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  • Experiment in Occupation: Witness to the Turnabout—Anti-Nazi War to Cold War, 1944–1946
  • Eduard Mark
Arthur David Kahn , Experiment in Occupation: Witness to the Turnabout—Anti-Nazi War to Cold War, 1944–1946. University Park, PA: University of Pennsylvania Press, 2004.

Experiment in Occupation is a memoir by a quondam member of the Office of Strategic Services assigned to various functions in the American occupation of Germany from late 1944 through May 1946. The work is both an intermittently interesting personal memoir and bad history reminiscent of the more jejune efforts of early Vietnam-era Cold War revisionism. The book rehashes the allegations Kahn first made more than a half-century ago in a privately published work—Betrayal: Our Occupation of Germany, which was subsequently put out by KsiąZka i wiedza in Poland.

Kahn charges that the American occupation of Germany, though redeemed to a small degree by the service of some individuals like himself, was on the whole [End Page 140] botched. His bill of particular failings is threefold: (1) that many of the men assigned to occupation duty had been poorly prepared for their functions and knew too little about German history and the German language; (2) that the occupational authorities disposed too few resources and were overwhelmed by the tasks of reconstruction that confronted them, forcing them to abandon even the small degree of supervision of German life they had achieved; and (3) that the indiscipline of American soldiers and their penchant for corruption tended to undermine the moral authority of the occupation. This much of Kahn's description of the shortcoming of the occupation occasions little surprise, resembling as it does the journalism of the day and even the U.S. Army's official histories.

Kahn, however, pushes his critique further. His fundamental complaint is that the United States lacked a compelling vision of a democratic Germany. This, he believes, was a tragedy because his contacts with Germans left him convinced that most of them had not been deeply tarnished by Nazism and would have responded affirmatively to what Kahn likes to call the "goals of FDR and Eisenhower" if those goals had been adequately presented by a stricter, more comprehensive, and more enduring occupation regime. Under the more lenient occupation, he argues, German conservatives and even outright Nazis were able to reassert themselves, often aided by conservative Americans tainted by anti-Communism. Foremost among these malefactors was General George S. Patton, whose alleged misrule in Bavaria is the subject of two chapters. The result, Kahn laments, was a disaster. One of the final chapters of the book bears a Pravda-like title of leaden irony: "Democracy, American Zone Style!"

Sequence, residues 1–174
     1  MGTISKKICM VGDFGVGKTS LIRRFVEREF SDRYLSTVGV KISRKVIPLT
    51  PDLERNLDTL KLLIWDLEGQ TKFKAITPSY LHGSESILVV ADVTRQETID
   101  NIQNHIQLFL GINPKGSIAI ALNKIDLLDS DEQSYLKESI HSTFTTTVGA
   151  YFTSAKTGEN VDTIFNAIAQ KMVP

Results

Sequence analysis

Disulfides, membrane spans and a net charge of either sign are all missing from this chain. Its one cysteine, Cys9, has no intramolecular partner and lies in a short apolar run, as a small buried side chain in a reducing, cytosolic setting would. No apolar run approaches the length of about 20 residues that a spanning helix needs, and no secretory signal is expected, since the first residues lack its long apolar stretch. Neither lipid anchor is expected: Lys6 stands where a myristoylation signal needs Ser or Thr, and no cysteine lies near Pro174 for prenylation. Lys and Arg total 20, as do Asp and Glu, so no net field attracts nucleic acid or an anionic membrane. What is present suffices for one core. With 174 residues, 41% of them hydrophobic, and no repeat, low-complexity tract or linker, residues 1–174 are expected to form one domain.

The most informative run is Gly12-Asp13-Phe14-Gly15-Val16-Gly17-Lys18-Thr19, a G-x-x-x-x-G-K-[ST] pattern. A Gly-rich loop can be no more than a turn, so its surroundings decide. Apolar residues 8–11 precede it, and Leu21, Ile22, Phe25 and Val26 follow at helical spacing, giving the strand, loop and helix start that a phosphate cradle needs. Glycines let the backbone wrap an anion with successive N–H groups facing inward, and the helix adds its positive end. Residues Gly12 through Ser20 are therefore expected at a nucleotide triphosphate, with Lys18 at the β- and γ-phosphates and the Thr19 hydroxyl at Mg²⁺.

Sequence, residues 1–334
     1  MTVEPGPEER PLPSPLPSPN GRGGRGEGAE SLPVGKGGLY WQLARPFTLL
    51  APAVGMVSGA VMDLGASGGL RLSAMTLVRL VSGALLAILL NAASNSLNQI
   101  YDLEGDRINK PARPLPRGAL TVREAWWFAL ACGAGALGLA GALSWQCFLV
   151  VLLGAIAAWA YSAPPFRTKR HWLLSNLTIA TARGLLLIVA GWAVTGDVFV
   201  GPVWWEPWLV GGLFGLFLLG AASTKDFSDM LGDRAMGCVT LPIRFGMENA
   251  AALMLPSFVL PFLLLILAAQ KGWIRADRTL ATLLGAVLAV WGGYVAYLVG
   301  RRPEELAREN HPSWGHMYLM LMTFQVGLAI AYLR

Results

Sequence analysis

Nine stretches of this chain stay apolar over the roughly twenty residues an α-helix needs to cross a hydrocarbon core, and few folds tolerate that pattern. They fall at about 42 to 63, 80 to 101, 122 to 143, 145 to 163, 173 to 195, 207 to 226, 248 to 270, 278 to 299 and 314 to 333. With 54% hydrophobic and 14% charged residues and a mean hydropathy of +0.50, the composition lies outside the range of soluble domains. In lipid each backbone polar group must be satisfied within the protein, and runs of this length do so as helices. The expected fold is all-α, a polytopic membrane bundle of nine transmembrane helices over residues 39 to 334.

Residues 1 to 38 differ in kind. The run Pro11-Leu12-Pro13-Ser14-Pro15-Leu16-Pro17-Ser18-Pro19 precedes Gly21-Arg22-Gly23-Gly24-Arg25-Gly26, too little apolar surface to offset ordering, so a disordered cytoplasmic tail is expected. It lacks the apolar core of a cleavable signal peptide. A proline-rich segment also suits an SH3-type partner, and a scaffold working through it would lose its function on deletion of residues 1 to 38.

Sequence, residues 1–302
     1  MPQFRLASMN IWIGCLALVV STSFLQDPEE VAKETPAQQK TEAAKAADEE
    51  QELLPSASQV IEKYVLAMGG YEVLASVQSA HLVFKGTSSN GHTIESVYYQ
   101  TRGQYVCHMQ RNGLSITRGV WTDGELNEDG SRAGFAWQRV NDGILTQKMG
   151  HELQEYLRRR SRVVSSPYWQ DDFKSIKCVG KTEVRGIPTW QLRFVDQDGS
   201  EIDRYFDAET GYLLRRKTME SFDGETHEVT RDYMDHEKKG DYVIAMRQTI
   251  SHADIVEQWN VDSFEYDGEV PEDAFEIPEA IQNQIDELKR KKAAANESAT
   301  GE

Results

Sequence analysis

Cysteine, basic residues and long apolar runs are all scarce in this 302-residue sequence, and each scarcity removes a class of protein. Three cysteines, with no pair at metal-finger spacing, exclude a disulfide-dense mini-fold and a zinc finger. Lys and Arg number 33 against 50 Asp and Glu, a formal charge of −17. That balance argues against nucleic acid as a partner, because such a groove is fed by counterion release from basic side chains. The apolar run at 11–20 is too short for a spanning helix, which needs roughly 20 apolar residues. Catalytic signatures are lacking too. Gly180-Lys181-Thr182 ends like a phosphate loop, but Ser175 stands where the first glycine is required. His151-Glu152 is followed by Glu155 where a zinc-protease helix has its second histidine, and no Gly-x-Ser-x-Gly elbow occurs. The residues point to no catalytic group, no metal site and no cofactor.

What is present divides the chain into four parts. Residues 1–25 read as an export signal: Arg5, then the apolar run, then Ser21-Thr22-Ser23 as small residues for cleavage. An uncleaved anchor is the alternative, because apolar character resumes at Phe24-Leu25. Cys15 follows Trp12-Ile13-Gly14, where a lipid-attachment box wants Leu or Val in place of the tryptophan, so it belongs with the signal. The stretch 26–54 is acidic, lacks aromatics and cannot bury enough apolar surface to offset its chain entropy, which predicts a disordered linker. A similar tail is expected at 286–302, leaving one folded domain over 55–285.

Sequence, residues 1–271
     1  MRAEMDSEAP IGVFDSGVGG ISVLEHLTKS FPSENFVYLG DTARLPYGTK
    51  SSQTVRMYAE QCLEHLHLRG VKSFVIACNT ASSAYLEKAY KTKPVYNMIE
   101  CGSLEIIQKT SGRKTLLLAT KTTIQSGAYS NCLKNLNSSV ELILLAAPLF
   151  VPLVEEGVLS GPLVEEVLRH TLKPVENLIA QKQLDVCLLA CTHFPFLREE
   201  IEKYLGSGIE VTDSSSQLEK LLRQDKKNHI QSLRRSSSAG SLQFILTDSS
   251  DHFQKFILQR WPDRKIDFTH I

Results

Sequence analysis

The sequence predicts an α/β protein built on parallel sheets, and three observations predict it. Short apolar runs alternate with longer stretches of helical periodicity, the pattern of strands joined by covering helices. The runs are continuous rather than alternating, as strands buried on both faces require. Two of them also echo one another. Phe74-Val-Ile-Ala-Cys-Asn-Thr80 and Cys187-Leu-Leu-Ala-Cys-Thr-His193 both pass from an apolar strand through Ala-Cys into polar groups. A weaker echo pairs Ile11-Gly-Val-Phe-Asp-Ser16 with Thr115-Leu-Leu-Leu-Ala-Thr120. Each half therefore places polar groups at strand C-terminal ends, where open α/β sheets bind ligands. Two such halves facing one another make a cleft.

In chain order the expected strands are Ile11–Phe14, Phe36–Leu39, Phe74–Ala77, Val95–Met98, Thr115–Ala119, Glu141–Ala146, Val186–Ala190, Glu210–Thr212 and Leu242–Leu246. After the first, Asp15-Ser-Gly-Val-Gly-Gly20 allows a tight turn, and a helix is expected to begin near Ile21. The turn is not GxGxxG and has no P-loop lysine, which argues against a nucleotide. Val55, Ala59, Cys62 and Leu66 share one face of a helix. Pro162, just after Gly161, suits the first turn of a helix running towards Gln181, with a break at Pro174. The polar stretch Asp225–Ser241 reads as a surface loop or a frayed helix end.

When Kahn published Betrayal in 1950, the future of Germany was still very much in question, and his indictment perhaps seemed compelling. But from the perspective of the early twenty-first century his account poses a problem: Germany, as Kahn is forced to admit, did not turn out too badly (p. 180) Moreover, the Germany of today is much more the legatee of the American occupation than of the Soviet occupation, whose policies Kahn frankly admires. To extricate himself from this embarrassment, Kahn produces a deus ex machina: the "democratic resistance" to American misrule waged by German workers and their unions (pp. 178–189). Others might contend that the Western zones flourished in proportion to the curtailment of precisely what Kahn advocates, namely, the strict supervision, which is epitomized in German memories by the jesuitical tyranny of the Frageboden.

As the preceding paragraph will suggest, Kahn's memoir is best when it hews closely to his personal experiences. It is at its most interesting when he relates his personal experiences and reproduces in numerous appendices extracts from his official reports and letters home. But when he ventures further afield, the reader encounters a weird alternative history of postwar events. Thus the fusion of the German Communist Party with parts of the Social Democratic Party into the Socialist Unity Party of Germany in April 1946 was, in his depiction, an aspect of the spontaneous "democratic resistance" by German workers against the American indulgence of reaction, not (as it so plainly was) an...